Armenian pilgrimage pins from my personal collection
(not my pilgrimages - I inherited these from my mom, who collected them despite ever going herself)
So, I can tell you that from an Armenian perspective, referencing Ararat in a gesture of friendship really has very little to do with borders. Yeah, Armenia wants that mountain back. Sure. Won't deny it. But even with the borders as they are, without even expressing an overt wish to change those borders, it is entirely culturally appropriate to reference Ararat in an Armenian context. From that perspective, for Turkey to get mad about it feels a bit like China getting butthurt whenever someone calls Taiwan "Taiwan" or expresses support for Hong Kong.

Imagine having a thing on your country's coat of arms, purposely building your museum to the Armenian Genocide within sight of it, naming your brandy after it, and believing in its religious significance several layers and millenia down, and having another country get all pissy for acknowledging it's important to you, because it's within their borders due to some Soviet political maneuvering. Sounds like that'd feel like crap, right? Well, it does.
The view of Ararat from the Armenian Genocide museum
Perhaps Taiwanese can understand this. Although the two situations are not exactly parallel, I can only imagine how it must feel to want to claim some aspect of that part of Taiwanese cultural heritage which does have roots in China, only to be told that doing so makes you Chinese by nationality. So you're stuck with either constantly trying to explain your heart, or distancing yourself from that heritage. (This rock and hard place were both intentionally created by China). Imagine being told that huge segments of your history and cultural heritage are wrong. That this thing and that place are actually Turkish and the things you say happened to your ancestors...didn't. Of course, Taiwanese don't have to imagine.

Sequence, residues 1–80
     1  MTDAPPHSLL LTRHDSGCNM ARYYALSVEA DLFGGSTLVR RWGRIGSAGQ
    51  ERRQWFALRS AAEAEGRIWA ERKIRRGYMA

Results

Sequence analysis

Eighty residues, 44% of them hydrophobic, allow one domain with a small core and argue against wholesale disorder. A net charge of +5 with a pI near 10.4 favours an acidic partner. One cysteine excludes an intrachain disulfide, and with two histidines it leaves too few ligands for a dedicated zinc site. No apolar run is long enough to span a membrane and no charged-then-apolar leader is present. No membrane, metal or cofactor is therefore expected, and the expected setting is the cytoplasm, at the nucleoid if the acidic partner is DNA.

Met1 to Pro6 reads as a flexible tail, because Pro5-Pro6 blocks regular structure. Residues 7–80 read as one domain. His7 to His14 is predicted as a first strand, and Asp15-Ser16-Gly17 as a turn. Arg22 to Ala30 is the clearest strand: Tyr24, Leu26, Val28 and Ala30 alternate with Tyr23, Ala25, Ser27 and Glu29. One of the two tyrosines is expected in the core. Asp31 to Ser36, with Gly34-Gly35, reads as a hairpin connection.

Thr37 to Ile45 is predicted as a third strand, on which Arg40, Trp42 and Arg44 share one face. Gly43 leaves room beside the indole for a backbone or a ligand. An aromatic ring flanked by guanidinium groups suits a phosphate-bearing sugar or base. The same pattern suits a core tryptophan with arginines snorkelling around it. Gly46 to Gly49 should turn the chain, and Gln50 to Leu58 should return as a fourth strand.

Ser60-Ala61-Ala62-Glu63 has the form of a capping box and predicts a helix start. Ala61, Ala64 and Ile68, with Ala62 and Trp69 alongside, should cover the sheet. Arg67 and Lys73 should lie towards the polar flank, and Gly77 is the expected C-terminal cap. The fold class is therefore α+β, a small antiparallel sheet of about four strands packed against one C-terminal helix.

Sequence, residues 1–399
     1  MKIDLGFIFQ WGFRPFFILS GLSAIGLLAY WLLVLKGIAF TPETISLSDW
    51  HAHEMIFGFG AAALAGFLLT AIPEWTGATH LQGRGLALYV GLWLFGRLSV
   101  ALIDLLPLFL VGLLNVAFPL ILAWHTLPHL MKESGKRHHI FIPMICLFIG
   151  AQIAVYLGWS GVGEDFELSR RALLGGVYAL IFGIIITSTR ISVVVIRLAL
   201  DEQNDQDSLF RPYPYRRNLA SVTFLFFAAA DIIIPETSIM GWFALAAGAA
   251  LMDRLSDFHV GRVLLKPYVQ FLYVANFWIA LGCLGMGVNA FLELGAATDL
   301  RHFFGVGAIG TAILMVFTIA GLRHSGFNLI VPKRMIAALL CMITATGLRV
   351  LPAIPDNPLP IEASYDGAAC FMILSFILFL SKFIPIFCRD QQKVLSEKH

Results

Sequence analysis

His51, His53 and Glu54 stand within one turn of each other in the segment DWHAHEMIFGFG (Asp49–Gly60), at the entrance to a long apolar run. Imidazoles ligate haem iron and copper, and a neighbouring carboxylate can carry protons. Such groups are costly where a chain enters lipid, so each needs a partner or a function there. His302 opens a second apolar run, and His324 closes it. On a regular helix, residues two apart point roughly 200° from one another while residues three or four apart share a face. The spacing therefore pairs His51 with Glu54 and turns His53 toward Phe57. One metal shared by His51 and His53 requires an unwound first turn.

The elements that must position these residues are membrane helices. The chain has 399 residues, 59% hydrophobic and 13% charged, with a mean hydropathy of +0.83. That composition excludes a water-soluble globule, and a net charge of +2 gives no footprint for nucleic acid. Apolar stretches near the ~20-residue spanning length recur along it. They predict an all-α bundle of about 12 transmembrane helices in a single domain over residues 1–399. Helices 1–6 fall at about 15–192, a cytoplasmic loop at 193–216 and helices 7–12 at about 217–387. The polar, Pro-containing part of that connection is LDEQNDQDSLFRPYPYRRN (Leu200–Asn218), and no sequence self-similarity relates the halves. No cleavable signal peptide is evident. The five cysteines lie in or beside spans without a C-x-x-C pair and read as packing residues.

The problem, of course, isn't with emotional attachments to geographical locations. It's with the rabid anger and perpetual glass-hearted offense created by nationalism, abetted by national borders.

Mother Armenia ain't playin' games
If you've ever wondered why I came to care so much about Taiwan after moving here, despite having no Taiwanese ancestry, it's this: what my ancestors went through and what the ancestors of my Taiwanese friends went through were different, but surely you can see how these conflicts are, in great part, variations on the same old themes of dominance, marginalization and nationalism? And I'm as sick as they are of being told that my heritage isn't allowed to be what I know it is?
Really not joking about that brandy

I've long thought of Turkish political views as running on a parallel discourse with Chinese perspectives. Both are countries I have enjoyed visiting, meeting absolutely wonderful people and seeing some truly spectacular places. But politically, in Turkey they've convinced themselves that Armenia is the 'bad guy' and the Armenian genocide never happened (false), which is not that different from Chinese views that Taiwanese are the 'splittist' aggressors and Taiwan is their sovereign territory (again, false). I have lamented that these views are baked into the education that Turks and Chinese receive, and acknowledge that it is very difficult to overcome the failings of one's political upbringing.
Now, imagine that there a place which is key to your identity, perhaps even sacred in a quasi-religious sense. It occupies a central place in your cultural consciousness. Imagine being told by another country that not only is it theirs, not yours, but that it's not even particularly important to them. Taiwan, as a part of China, would be...just another province. Geostrategically important, perhaps, but honestly, I could see many Chinese viewing it as just a backwater, a nowhere. That's what it was under the Qing, after all. By Chinese standards, Taipei isn't even that big. I suspect most Taiwanese know this in their bones: Taiwan is everything to them. It's central to their history, identity and culture. To China, it's just hicksville. Yet they dare to pitch a fit whenever Taiwan points out that it's better off on its own. That's Ararat to Turkey. They don't care about it. It's so far east that I suspect Turks generally don't think about it much. It's a nowhere, a backwater. It is not central to their nation or identity the way it is to Armenians. And yet they have the temerity to throw a tantrum when any other nation references that cultural significance to Armenia. If you've gotten this far, you're probably shaking your head thinking "is Lao Ren Cha really saying that China did nothing wrong here?"